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CHILDHOOD INFECTIOUS DISEASES

CHILDHOOD INFECTIOUS DISEASES

Kids are more prone to falling sick than adults are. This is naturally because their immune systems are less exposed to germs, in comparison to adults.

Childhood infectious diseases sharjah

  • There are some illnesses and infections that are very common among children. Most of them are relatively harmless and can be treated at home.
  • It’s important to have a thorough understanding of these illnesses and infections. This will help you identify an uncommon illness in your child more easily.

Some of the common childhood infections are:

  • Common flu
  • Baby Ear infections
  • Stomach flu
  • Infectious diarrhoea
  • Throat infections
  • Urinary infections
  • Common flu:
  • Colds are caused by viruses in the upper respiratory tract. In the first three years of life alone, most children have eight to ten colds. And if there are older school-age children in your house, you may see even more, since colds easily pass from one child to another. Symptoms of a cold including runny nose, sneezing, lower fever, congestion, and cough may last for up to ten days. If your child has a typical cold without major problems, the symptoms should go away slowly after seven to ten days.

  • Baby Ear Infections:
  • An ear infection is an inflammation of the middle ear, usually caused by bacteria, that occurs when fluid builds up behind the eardrum. Anyone can get an ear infection, but babies and children get them more often than adults. Five out of six children will have at least one ear infection by their toddler period. In fact, ear infections are the most common reason parents bring their child to a doctor. The scientific name for an ear infection is otitis media (OM).

    Some of the many causes of ear infection and contributing risk factors include:

    • upper respiratory tract infections
    • sudden changes in air pressure – such as during airline travel
    • smaller than average Eustachian tubes, or a blocked Eustachian tube
    • cleft palate
    • swimming in polluted water
    • failing to dry the outer ear properly after swimming or bathing
    • Overzealous cleaning of the ears, which can scratch the delicate tissues.
  • Stomach flu:
  • Unlike the seasonal flu, a respiratory infection caused by the influenza virus, “stomach flu” refers to several viruses that cause the intestines to become inflamed. A common cause of stomach flu is norovirus. If your baby or child has had several bouts of vomiting or diarrhoea, he or she will need to replace lost fluids and electrolytes. If you are breastfeeding, continue to give your baby breast milk. Breast milk has fluids and electrolytes needed to prevent dehydration. If you feed your baby formula, try switching to one that is lactose-free while your baby is sick. Lactose can make diarrhoea worse. Your doctor may also want you to give your baby an oral rehydration solution (ORS).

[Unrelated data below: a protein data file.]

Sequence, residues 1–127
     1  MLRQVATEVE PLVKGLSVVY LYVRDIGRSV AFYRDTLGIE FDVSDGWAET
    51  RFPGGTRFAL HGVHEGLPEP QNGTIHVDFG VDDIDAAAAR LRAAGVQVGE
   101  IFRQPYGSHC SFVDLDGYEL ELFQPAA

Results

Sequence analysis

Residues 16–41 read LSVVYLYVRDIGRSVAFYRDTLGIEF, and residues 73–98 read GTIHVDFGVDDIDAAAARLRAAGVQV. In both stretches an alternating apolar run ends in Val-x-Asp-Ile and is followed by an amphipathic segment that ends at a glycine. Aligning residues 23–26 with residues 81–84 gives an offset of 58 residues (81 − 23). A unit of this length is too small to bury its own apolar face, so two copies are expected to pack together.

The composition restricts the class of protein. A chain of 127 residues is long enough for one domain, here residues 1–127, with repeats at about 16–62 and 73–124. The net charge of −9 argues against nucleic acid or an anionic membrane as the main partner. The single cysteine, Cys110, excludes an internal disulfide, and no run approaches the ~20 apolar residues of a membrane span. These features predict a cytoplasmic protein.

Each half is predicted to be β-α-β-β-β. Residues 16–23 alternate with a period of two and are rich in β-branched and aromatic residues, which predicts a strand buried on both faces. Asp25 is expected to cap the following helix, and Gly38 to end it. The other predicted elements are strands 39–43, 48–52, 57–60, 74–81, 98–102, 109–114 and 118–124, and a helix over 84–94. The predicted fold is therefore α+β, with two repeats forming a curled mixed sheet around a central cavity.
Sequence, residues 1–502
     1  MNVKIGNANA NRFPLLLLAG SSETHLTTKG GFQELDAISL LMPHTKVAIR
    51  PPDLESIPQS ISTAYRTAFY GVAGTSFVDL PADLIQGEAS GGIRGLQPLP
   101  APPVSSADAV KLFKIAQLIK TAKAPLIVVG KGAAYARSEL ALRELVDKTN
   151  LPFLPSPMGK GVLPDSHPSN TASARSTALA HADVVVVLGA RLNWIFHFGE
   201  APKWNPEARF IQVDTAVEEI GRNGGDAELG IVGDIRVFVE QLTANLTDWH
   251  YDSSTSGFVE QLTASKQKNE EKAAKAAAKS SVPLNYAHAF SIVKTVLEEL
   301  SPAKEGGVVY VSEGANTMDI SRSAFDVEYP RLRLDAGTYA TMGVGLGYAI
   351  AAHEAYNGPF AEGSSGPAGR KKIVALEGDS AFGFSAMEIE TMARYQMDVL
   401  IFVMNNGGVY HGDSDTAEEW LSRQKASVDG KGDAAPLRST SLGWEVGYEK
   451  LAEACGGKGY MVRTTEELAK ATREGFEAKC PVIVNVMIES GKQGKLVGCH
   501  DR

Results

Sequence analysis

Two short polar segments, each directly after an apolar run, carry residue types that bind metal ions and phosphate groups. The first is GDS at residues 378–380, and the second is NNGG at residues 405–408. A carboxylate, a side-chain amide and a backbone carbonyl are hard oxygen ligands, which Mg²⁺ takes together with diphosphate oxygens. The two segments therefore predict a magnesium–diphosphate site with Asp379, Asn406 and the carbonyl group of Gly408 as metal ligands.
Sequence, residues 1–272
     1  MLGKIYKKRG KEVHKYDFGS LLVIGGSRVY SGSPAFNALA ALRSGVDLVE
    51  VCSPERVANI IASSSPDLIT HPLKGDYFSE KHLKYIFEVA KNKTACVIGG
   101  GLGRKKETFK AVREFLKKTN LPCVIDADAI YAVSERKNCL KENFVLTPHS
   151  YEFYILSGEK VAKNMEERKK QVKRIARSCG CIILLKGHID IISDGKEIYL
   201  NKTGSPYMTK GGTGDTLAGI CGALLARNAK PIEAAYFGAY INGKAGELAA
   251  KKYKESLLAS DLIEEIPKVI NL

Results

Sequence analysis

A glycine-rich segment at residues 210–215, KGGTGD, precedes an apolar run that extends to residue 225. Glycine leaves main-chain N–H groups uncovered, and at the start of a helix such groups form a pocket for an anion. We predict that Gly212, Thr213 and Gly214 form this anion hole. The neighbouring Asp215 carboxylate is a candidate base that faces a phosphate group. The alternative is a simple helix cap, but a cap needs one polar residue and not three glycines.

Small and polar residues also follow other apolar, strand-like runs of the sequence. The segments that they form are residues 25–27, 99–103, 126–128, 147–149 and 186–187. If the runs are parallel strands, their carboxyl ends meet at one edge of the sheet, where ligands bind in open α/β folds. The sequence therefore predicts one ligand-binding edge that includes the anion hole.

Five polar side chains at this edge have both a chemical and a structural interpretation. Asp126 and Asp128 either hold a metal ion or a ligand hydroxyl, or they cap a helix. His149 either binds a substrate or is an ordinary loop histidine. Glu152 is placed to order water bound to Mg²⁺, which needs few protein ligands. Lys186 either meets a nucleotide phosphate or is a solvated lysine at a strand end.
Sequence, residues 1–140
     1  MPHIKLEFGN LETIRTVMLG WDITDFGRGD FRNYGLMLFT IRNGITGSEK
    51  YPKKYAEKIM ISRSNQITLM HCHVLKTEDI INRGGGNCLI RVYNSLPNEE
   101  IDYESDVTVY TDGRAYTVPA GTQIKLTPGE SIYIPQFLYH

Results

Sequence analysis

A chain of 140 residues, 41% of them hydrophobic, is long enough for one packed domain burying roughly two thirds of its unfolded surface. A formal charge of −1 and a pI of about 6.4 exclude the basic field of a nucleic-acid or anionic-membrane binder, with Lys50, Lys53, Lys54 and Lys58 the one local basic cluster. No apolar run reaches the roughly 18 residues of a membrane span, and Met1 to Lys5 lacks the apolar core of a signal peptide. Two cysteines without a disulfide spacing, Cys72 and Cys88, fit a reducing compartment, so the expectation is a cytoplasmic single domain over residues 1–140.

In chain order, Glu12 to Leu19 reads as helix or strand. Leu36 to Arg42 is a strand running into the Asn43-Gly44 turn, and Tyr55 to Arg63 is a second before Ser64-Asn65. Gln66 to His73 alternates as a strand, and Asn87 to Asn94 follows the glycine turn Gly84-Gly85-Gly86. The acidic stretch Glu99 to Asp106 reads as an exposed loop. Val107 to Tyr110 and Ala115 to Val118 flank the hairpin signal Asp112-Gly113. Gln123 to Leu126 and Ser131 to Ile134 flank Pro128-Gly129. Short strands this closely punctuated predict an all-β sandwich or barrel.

• Infectious diarrhoea:
  • Toddler’s diarrhoea is a common cause of persistent (chronic) diarrhoea in young children. It mainly affects children between the ages of 1 and 5 years and is more common in boys. Toddler’s diarrhoea is not serious and the child remains well. The diarrhoea will go as the child becomes older. The diet of young children is often not ideal and is thought to contribute to the cause.

    Symptoms include three or more watery loose stools (bowel motions) per day, the stools are often more smelly and pale than usual, mild tummy (abdominal) pain sometimes occurs but is unusual. Many toddlers develop eating and drinking habits that are not ideal and these may contribute to causing diarrhoea. The diarrhoea will often stop if the child: has a good amount of fat in the diet (whole milk, etc) and has meals that include a normal amount of fibre (but not a high-fibre diet).

  • Throat Infection:
  • A sore throat is pain, scratchiness or irritation in the throat that often worsens when you swallow. The most common cause of a sore throat (pharyngitis) is a viral infection, such as a cold or the flu. A sore throat caused by a virus resolves on its own.

    Symptoms of a sore throat can vary depending on the cause. Signs and symptoms might include:

  • Pain or a scratchy sensation in the throat
  • Pain that worsens with swallowing or talking
  • Difficulty swallowing
  • Sore, swollen glands in your neck or jaw
  • Swollen, red tonsils
  • White patches or pus on your tonsils
  • A hoarse or muffled voice

Take your child to a doctor if your child’s sore throat doesn’t go away with the first drink in the morning, recommends the American Academy of Pediatrics.

Get immediate care if your child has severe signs and symptoms such as:

  • Difficulty breathing
  • Difficulty swallowing
  • Unusual drooling, which might indicate an inability to swallow

The best way to prevent sore throats is to avoid the germs that cause them and practice good hygiene.

Prevent Repeated Infections

  • Wash your hands and your child’s hands often. Wash after using the bathroom and when preparing food. Also wash after sneezing, blowing your nose, and coughing. Scrub your hands for at least 20 seconds with soap and water.
  • If you smoke, stop. Until you quit completely, smoke only outside of your home and outside of your car. Smoking in a room away from your child does not help. Air filters also do not help protect your child from secondhand smoke.
  • Vaccinate your child against common childhood diseases. The American Academy of Family Physicians recommends immunizing all children and adolescents 0-18 years of age unless contraindicated.

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